talked about during the campaign, which is a balanced, responsible approach to deficit reduction that can help give businesses certainty and make sure that the country grows. and unfortunately, the speaker's proposal right now is still out of balance. >> sometimes you hear a sound byte and it sounds like the normal talking points of the campaign that you always here, you're always hearing politicians saying the same thing. but listen again to that last thing that the president said there. >> unfortunately the speaker's proposal right now is still out of balance. >> speaker's proposal is out of balance. empirical statement, sort of. there's a way to judge whether or not that statement is true. what's happening in washington is both sides, republicans and democrats, are making offers and counteroffers about how to deal with the fiscal mess that they created. this artificial debt line that washington created. the white house made its offer to republicans last week. they sent timothy geithner up to capitol hill to unveil the administration's offer to congressional republicans. the offer was e
the middle class because given that we have a large budget deficit down the road and given that if we don't want to and they don't want to cut military spending, what's left? they will have to cut programs beneficial to the middle class. this is another example, this is a continuation of the war on the middle class that they started years ago. now it's becoming clear for everybody to see. it was very clear before the election, but we had an election. americans repudiated the republican idea. reverse robin hood economics and yet they are coming back with it. over and over and over again. i think the fact that boehner will not schedule a vote on the middle class extension of the bush tax cuts that the president wants, the senate has already passed this. boehner is under increasing pressure to schedule a vote on this and get it out of the way. once they do that, the game is over. >> nancy pelosi is trying to take care of that. she plans to bring a discharge petition to the floor of the house tomorrow. this would force republicans to openly accept or reject the middle class tax cuts. did this
the tax increase he wants the country would be facing trillion dollar deficits. >> this isn't a progress report because there is in progress to report. when it comes to the fiscal cliff threatening our economy and jobs the white house has wasted another week. >>reporter: he calls officials saying they are ready to go over the trip. >>shepard: democrats insist that revenue, revenue, revenue is the key. >>guest: president obama campaigned on it and obviously won and democrats insist upper income americans should pay higher taxes but there could be room to negotiate but their point is they don't want to talk about other aspects of a deal until the g.o.p. gives in on their demand for more tax money. >> what is lacking are the revenues. we cannot cut your way to deficit reduction. what reduces the deficit are jobs. job creation. after spending cuts, and medicare saving, and next is the revenue. >>reporter: leader pelosi spent time at the white house today meeting with president obama on what we are told are a number of issues. >>shepard: thank you, mike, from washington, dc. we know that busi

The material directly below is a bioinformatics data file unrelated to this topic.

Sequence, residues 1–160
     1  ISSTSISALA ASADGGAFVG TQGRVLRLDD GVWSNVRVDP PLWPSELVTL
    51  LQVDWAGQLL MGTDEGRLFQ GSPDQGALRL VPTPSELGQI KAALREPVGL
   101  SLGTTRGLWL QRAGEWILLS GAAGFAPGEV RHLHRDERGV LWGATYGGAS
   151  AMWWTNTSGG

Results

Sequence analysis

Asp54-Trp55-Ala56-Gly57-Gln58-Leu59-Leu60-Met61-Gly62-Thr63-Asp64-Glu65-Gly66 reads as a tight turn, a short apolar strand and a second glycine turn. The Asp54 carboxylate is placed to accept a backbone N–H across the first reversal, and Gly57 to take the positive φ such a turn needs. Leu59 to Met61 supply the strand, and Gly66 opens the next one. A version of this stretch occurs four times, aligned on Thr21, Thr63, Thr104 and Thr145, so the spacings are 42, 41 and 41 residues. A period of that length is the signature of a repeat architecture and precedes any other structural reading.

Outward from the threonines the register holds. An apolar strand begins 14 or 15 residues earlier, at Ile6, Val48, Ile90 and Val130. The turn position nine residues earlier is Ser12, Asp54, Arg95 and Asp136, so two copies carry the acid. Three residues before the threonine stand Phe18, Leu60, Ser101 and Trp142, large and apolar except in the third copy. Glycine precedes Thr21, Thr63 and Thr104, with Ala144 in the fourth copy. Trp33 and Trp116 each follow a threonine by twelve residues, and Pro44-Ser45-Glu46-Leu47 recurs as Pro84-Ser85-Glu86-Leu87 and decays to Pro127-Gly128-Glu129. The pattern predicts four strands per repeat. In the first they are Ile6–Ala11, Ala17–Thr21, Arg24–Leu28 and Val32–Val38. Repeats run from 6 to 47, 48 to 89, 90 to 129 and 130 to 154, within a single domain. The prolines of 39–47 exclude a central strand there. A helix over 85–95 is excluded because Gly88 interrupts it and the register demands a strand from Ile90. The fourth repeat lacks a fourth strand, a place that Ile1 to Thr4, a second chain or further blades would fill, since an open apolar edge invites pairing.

for the american people that extends tax cuts to the american people. brings our long-term deficits down. tough spending savings is part of that, and invest in things that matter to the american economy, like infrastructure, and getting americans back to work. we think we can do that. we have a good chance, and it's very important. and i think we'll get there, david. >> do you think we'll get a deal by the end of the year? >> i do. because the only thing standing in the way of that is a refusal by republicans to accept that rates have to go up on the wealthiest americans. and i don't really see them doing that. >> the idea that they have signalled something significant for them, which is -- >> what is that? >> putting revenue on the table. >> it's welcome that they are recognizing that revenues are going to have to go up. but they haven't told us anything about how far rates should go up, how far revenues should go up, who should pay higher taxes. >> republicans have said that no republicans will vote for a tax rate increase. do you think they are just bluffing? >> i can't tell you what they ar